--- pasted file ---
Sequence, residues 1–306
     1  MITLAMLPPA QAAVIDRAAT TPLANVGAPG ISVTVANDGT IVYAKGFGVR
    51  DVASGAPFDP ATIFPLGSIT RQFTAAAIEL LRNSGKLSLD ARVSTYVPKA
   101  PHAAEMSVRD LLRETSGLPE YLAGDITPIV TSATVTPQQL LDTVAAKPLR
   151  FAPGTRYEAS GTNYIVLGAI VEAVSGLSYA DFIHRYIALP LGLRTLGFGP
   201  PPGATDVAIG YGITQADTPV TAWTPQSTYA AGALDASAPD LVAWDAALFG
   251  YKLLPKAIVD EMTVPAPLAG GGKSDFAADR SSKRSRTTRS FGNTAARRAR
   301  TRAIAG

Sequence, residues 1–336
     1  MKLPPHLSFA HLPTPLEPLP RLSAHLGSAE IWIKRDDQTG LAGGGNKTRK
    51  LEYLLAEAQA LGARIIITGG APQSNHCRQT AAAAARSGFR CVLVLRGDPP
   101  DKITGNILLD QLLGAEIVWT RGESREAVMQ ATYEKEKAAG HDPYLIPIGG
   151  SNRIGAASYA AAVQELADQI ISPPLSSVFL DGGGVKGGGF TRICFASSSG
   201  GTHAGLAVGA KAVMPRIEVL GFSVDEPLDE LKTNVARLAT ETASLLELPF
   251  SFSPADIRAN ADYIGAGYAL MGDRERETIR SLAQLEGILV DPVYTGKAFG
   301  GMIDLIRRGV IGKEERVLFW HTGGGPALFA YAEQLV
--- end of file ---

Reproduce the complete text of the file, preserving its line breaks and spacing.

Sequence, residues 1–306
     1  MITLAMLPPA QAAVIDRAAT TPLANVGAPG ISVTVANDGT IVYAKGFGVR
    51  DVASGAPFDP ATIFPLGSIT RQFTAAAIEL LRNSGKLSLD ARVSTYVPKA
   101  PHAAEMSVRD LLRETSGLPE YLAGDITPIV TSATVTPQQL LDTVAAKPLR
   151  FAPGTRYEAS GTNYIVLGAI VEAVSGLSYA DFIHRYIALP LGLRTLGFGP
   201  PPGATDVAIG YGITQADTPV TAWTPQSTYA AGALDASAPD LVAWDAALFG
   251  YKLLPKAIVD EMTVPAPLAG GGKSDFAADR SSKRSRTTRS FGNTAARRAR
   301  TRAIAG

Sequence, residues 1–336
     1  MKLPPHLSFA HLPTPLEPLP RLSAHLGSAE IWIKRDDQTG LAGGGNKTRK
    51  LEYLLAEAQA LGARIIITGG APQSNHCRQT AAAAARSGFR CVLVLRGDPP
   101  DKITGNILLD QLLGAEIVWT RGESREAVMQ ATYEKEKAAG HDPYLIPIGG
   151  SNRIGAASYA AAVQELADQI ISPPLSSVFL DGGGVKGGGF TRICFASSSG
   201  GTHAGLAVGA KAVMPRIEVL GFSVDEPLDE LKTNVARLAT ETASLLELPF
   251  SFSPADIRAN ADYIGAGYAL MGDRERETIR SLAQLEGILV DPVYTGKAFG
   301  GMIDLIRRGV IGKEERVLFW HTGGGPALFA YAEQLV